Degenkolb Makes the SE 2050 Commitment
A month ago, we announced that Degenkolb Engineers had signed on to the SE 2050 Commitment Program. Today, we are excited to share more about what this means for our firm, our industry, and beyond. The program’s vision: All structural engineers shall understand, reduce, and ultimately eliminate embodied carbon in their projects by 2050. With more than 200 people across six offices along the West Coast, all of us at Degenkolb are committed to eliminating embodied carbon in structures by 2050.
What does this all exactly mean? What is embodied carbon and why is eliminating it important? And why 2050? We invite you to read on to find out.
Embodied Carbon and Climate Change
Embodied carbon is all CO2 (carbon dioxide) emitted in raw material extraction, transportation, manufacturing, construction, and end-of-life phases of buildings and infrastructure. For example, one cubic yard of concrete in a building requires approximately 400 kg CO2e of embodied carbon, which is comparable to tailpipe emissions from driving the average passenger vehicle nearly 1000 miles. Embodied carbon is distinct from operational carbon, which is all CO2 emissions involved in the operation of buildings, such as for heating, cooling, and lighting. It is now widely known that CO2 and other greenhouse gases contribute to global climate change. Embodied carbon is emitted upfront whereas operational carbon is emitted over the life of a building, meaning that reducing embodied carbon can have an immediately positive climate impact.
Net zero emissions—as they are also described—means that we have reached a state in which we are not adding any new emissions to the atmosphere. Reaching this milestone by 2050 aligns with the vision of the United Nations’ Paris Agreement to keep the global temperature to 1.5 degrees Celsius above pre-industrial levels. To reach net zero, many countries and industries have been tasked with discovering and implementing ways to cut back and—ultimately—eliminate their carbon output.
Structural Engineering’s Role
Structural engineers saw the unique role they played in reaching this goal and pushing the industry forward, and thus the SE 2050 Commitment was formed. Each year, embodied carbon in buildings is responsible for 11-percent of global greenhouse gas (GHG) emissions and 28-percent of global building sector emissions. With nearly 6.13 billion square meters of new buildings popping up annually, embodied carbon will be responsible for almost half of total new construction emissions between now and 2050. Structural engineers are perfectly positioned to address the embodied carbon issue because a building’s embodied carbon and a significant portion of global emissions hinge on structural materials.
Degenkolb CEO Stacy Bartoletti notes that Degenkolb’s core ideology revolves around the idea that we exist to engineer the future for our clients and communities through our core values of service and expertise. “Degenkolb seeks to understand our clients’ and communities’ needs and adapt to changing conditions. We believe that doing our part to curb climate change by reducing embodied carbon on our projects and industry-wide will help meet those needs and enable us to better serve our clients and communities for years to come. We believe it is the right thing to do.”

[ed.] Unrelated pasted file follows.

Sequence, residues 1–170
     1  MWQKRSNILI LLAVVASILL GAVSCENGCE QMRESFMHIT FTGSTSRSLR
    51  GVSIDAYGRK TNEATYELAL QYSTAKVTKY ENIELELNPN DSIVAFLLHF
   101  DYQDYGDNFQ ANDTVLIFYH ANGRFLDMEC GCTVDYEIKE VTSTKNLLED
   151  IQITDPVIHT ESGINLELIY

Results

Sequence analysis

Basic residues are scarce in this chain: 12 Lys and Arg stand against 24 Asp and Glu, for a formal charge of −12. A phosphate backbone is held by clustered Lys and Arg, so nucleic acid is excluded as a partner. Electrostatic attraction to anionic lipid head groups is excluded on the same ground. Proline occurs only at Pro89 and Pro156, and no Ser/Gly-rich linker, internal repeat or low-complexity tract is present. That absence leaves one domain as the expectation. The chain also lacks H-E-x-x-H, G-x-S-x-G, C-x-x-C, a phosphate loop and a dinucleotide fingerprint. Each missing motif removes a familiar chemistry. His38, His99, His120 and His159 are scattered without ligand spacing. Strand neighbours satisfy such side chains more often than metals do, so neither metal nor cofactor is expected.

Degenkolb also recognizes that there is much to learn and many innovations to make related to embodied carbon reduction, which made joining this commitment as a firm a straightforward choice. “We are excited to grow our expertise and help make this industry-level change, just as we have participated in code development to improve earthquake engineering practice for decades,” adds Stacy.
Looking to the Future
The SE 2050 Commitment Program is just that: a commitment over the course of decades to reach carbon neutrality. No one knows this better than Degenkolb’s very own Elena Good, a Design Engineer in our Oakland office and the firm’s designated Embodied Carbon Reduction Champion. With her deep involvement in sustainability-related causes, including the Structural Engineers Association of Northern California’s (SEAONC) Sustainability Design Committee and co-lead of Degenkolb’s Sustainability Committee, she is no stranger to these subjects. She recalls attending the Carbon Positive 2020 Conference where she was first exposed to the idea of 2050 as a goal. “I realized that by 2050, that would be the bulk of my career. It put into perspective just how big of a deal this would be for my entire career: How will this change how I engineer? How will the industry adapt to such a huge challenge?”
Although there are many steps ahead before we can check off the box next to “net zero,” Degenkolb is excited to be a part of this pioneering effort. We are currently working on our Embodied Carbon Action Plan, which includes planning out how to address internal education, data reporting, embodied carbon reduction, and advocacy along with developing our capabilities to measure embodied carbon in our designs. For more information on ECAP, please visit this resource by SE 2050. We look forward to collaborating with our fellow SE 2050 Commitment Program partners towards a brighter, carbon-neutral future.